HOUSTON (Reuters) – Royal Dutch Shell PLC may begin the permanent shutdown of its 211,146 barrel-per-day Convent, Louisiana, refinery early next week, people familiar with plant operations said on Monday.
Shell announced on Nov. 5 the refinery, located 57 miles (92 km) west of New Orleans, was to close after the company failed to find a buyer amid the COVID-19 pandemic.
A Shell spokesman did not reply to a request for comment.
The Convent refinery is first U.S. Gulf Coast refinery to permanently close because of the pandemic-related decline in demand for refined products. Eight other North American plants have been idled or targeted for shutdowns.
The coronavirus pandemic cut fuel demand by up to 30% earlier this year, and even as economies recover the outbreak will likely reduce global demand by 4.7 million barrels per day (bpd) over the next five years, analysts have said.
Three U.S. oil refineries have shut already this year because of weak demand for jet fuel, diesel and gasoline amid a slowing economy.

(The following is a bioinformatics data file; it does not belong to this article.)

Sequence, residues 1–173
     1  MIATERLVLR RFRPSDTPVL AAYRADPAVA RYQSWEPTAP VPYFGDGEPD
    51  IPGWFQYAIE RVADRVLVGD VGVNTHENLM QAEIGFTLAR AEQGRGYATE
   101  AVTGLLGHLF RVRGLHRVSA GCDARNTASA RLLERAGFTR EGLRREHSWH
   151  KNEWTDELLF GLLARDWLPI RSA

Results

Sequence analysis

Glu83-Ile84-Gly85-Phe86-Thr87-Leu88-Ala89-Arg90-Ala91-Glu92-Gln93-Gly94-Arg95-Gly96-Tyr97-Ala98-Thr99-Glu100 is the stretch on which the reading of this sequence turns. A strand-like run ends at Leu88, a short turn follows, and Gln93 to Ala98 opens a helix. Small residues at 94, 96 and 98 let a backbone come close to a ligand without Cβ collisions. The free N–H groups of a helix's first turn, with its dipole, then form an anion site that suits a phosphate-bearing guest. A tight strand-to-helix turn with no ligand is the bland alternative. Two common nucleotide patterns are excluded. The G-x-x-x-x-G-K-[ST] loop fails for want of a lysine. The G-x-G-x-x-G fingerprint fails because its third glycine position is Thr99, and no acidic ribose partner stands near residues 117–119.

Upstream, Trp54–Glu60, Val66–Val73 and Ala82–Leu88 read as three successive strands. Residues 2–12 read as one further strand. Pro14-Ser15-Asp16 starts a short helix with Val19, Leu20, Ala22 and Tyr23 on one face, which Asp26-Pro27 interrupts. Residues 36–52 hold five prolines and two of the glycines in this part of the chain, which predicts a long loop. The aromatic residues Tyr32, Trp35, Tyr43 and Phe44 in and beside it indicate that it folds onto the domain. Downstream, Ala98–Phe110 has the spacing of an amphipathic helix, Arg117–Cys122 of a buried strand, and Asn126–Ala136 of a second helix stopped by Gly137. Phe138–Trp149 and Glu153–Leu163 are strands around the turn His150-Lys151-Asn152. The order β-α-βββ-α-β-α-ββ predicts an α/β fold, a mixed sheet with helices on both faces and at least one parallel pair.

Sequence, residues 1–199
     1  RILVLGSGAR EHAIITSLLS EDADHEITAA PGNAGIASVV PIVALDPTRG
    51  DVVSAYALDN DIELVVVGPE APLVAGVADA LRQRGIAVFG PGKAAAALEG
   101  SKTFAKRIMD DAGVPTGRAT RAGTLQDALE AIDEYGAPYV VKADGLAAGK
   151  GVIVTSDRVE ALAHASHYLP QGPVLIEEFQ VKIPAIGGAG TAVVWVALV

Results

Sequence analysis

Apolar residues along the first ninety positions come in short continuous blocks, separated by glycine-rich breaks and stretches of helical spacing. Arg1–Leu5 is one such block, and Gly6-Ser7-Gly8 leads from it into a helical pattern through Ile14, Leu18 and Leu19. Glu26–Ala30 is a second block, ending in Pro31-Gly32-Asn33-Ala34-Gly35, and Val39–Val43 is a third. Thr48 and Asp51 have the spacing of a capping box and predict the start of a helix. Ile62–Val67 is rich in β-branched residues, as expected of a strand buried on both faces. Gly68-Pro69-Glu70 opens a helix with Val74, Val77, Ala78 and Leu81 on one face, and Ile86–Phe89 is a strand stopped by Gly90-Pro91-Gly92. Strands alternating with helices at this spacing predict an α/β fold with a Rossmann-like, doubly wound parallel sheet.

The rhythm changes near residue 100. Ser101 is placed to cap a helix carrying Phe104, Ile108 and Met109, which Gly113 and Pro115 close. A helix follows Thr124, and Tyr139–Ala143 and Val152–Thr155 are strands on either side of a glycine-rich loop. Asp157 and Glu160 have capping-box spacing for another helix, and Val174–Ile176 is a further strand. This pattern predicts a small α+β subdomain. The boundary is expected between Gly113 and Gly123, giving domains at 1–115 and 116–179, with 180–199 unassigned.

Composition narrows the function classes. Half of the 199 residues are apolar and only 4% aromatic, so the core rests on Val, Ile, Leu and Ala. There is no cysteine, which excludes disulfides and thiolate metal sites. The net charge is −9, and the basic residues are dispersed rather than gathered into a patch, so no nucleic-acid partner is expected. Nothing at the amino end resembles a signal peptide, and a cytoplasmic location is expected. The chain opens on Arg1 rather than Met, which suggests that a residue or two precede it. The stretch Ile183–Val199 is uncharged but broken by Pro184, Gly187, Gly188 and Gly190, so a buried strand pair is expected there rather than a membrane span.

In August, Calcasieu Refining idled its 135,500-bpd Lake Charles, Louisiana, facility, citing weak margins from falling demand. Marathon Petroleum Corp has said it will not restart production at its refineries in Martinez, California, and Gallup, New Mexico.
Shell this month halved its crude processing capacity at its 500,000 bpd Pulau Bukom plant in Singapore. Plants in the U.S. and Europe are considering converting some facilities to produce biofuels.
U.S. refineries in August ran at 78.8% of their 18.6 million barrels per day (bpd) capacity, according to the U.S. Energy Information Administration, down from 83.1% in March.